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This article is provided courtesy of Stars and Stripes, which got its start as a newspaper for Union troops during the Civil War, and has been published continuously since 1942 in Europe and 1945 in the Pacific. Stripes reporters have been in the field with American soldiers, sailors and airmen in World War II, Korea, the Cold War, Vietnam, the Gulf War, Bosnia and Kosovo, and are now on assignment in the Middle East.

Stars and Stripes has one of the widest distribution ranges of any newspaper in the world. Between the Pacific and European editions, Stars and Stripes services over 50 countries where there are bases, posts, service members, ships, or embassies.

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Military Won't Name Tattoo Shops in Infection Case

Tattoo shop. Shane M. Phipps/U.S. Air Force

TOKYO -- U.S. military officials won't name the tattoo shops whose unsanitary conditions likely sent a handful of U.S. troops to the emergency room recently, despite a potential public health risk. Officials said Monday that singling out one business could give the wrong impression that other tattoo parlors are safe.

Officials at U.S. Naval Hospital Okinawa gave the names of three shops to local government officials on July 3 for their possible role in last month's surge of tattoo-related skin infections that landed five servicemembers in the hospital with infections.

But Okinawa Prefectural Government officials said the names of those shops -- in Chatan and Nago -- will be withheld from the public as U.S. military officials investigate. The Okinawa government will "launch an investigation of the tattoo shops in question on their own at the earliest possible time," officials said.

That's not enough for some.

"They should come out with the name so people don't get sick," Air Force spouse Terri Hochstein said.

Since the shops have not been publicly identified, none has been declared off limits to base personnel. There are no tattoo establishments off limits in Okinawa or Japan -- even though a tattoo artist operating without a medical license in Japan is violating the law.

"There is no license or permission for tattoo businesses in Japan," said Hiroaki Arakaki, spokesman for the Health Care Policy Division of the Medial Department of the Okinawa Prefectural Government. "If we can confirm that the subject shops engage in tattooing, the government will instruct the shops to stop the illegal conduct," he said.

While it is regulated by the U.S. military, getting a tattoo is not a violation of the Uniform Code of Military Justice.

"If we posted a list of tattoo parlors that were linked to infections, it would imply that establishments not on the list were safe and tacitly endorsed by the hospital," Navy hospital officials said in a written response.

The officials pointed out that all businesses of this type are unregulated and recommended that U.S. troops and other Defense Department personnel avoid tattoo parlors completely while stationed outside the U.S.

"Servicemembers receive briefs about health concerns and tattoo safety which instruct them about the risks of getting tattoos and what measures to take in ensuring that the tattoo establishment they have chosen abides by the necessary health standards," 1st Lt. Noah Rappahahn, a spokesman for the 3rd Marine Expeditionary Force in Okinawa, said in an email to Stars and Stripes. He added that a "public health announcement regarding tattoo safety was pushed out to all commands within III MEF and is readily available online for all servicemembers and their families stationed in Okinawa."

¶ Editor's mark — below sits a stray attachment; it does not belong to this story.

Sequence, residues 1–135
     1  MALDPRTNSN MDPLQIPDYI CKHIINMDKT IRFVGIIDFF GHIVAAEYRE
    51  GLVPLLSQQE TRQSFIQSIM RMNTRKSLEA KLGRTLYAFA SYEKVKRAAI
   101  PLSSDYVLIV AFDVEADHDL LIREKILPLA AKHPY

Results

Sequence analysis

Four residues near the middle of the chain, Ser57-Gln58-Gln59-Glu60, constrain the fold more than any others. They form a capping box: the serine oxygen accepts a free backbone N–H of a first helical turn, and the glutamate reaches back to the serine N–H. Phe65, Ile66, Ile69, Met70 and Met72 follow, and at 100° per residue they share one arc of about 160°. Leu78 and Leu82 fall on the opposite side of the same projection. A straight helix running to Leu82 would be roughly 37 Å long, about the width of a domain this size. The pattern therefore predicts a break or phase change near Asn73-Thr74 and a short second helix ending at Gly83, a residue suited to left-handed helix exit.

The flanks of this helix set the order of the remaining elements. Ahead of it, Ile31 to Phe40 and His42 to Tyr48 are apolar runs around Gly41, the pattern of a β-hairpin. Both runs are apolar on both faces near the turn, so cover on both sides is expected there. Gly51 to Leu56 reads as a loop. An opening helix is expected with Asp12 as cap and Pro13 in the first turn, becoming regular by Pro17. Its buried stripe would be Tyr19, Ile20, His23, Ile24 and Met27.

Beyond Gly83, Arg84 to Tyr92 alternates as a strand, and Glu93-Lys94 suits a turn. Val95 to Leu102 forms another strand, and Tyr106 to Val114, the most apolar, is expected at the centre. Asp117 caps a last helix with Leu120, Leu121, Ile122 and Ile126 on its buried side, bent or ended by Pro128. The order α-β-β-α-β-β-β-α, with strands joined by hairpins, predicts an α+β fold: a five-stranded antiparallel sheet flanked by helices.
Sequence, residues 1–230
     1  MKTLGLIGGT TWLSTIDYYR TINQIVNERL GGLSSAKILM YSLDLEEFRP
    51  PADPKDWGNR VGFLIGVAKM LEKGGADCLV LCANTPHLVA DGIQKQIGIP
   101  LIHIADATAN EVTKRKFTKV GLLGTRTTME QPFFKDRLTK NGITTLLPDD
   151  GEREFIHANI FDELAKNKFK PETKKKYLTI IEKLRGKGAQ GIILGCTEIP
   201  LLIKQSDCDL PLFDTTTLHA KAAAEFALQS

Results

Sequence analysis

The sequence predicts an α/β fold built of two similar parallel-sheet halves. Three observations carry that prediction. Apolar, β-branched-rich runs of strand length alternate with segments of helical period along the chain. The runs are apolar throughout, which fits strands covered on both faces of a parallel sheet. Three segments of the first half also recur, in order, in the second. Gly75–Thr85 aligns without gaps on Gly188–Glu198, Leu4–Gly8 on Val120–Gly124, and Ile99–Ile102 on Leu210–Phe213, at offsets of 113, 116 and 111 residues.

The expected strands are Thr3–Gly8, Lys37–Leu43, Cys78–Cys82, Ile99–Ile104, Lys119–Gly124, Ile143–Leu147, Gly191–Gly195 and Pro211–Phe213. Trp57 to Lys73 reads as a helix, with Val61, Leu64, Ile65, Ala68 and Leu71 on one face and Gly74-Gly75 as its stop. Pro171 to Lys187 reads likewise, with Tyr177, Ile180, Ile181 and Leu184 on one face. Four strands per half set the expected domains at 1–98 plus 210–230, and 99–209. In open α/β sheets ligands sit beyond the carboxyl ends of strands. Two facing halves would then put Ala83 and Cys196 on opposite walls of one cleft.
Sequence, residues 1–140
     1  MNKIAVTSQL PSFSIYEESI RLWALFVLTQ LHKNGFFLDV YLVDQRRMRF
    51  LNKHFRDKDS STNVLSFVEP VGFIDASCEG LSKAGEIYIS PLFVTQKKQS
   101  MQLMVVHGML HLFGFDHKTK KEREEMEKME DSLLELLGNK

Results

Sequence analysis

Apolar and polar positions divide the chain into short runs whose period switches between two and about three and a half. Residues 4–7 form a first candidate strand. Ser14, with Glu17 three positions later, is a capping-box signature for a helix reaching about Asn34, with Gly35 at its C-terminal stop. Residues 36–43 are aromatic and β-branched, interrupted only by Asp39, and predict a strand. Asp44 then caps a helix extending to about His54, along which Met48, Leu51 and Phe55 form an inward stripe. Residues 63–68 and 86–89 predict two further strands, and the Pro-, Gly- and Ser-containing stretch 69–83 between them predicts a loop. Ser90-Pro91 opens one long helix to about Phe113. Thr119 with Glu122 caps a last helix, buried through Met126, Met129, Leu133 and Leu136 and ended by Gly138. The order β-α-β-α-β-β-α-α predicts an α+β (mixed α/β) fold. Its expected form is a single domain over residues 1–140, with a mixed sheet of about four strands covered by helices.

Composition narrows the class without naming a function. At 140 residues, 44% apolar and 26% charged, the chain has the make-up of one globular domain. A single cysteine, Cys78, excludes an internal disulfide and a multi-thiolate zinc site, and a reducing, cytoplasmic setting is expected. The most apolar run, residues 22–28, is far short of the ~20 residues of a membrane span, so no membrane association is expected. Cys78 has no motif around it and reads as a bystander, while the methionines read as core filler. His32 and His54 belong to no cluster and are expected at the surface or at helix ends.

Naval Hospital Okinawa issued the warning to servicemembers that Japanese tattoo establishments are not regulated nor inspected under Japanese law.

"I would not recommend getting a tattoo, but if personnel choose to they should do some careful research before selecting a tattoo facility," Lt. Cmdr. Marion Gregg, director of public health at the Okinawa hospital said last week in a news release. "Take a close look at the facility for cleanliness and observe the artist at work to make sure that the tattooing process is as safe and sterile as possible. And don't be afraid to ask questions."

The warning did not keep servicemembers and their families out of the tattoo shops over the Fourth of July weekend.

Inside the bevy of shops outside Camp Foster's front gate, there was barely a free seat in any waiting room. Everyone waiting to get inked up said they were aware of the risks but were going by word of mouth, past experience and the recommendations of friends.

"This is the only place I go," Hochstein said as she exited one shop with a fresh, elaborately detailed bird and cage on her upper thigh.

Airman Johnattan Hutchinson, 22, from Puerto Rico said he was scared when he heard about the warning, but he has a history with his tattoo shop and trusts their procedures. He was in to get color added to a spider/skull tattoo on the back of his calf.

Tattoo shop owners and employees said they were making an extra effort to tell customers about their safety procedures.

According to the base hospital in Okinawa, all five of the recent infections were easily treatable and no servicemember contracted hepatitis B or any of the other potential life-altering diseases associated with unsanitary needles.

However, the local Marines, family members, base civilians and tattoo shop employees who Stars and Stripes interviewed said the shop responsible for the scare needs to be identified and shut down.

"Those rumors don't help anybody," Hutchinson said.

-- Stars and Stripes reporter Chiyomi Sumida contributed to this story.

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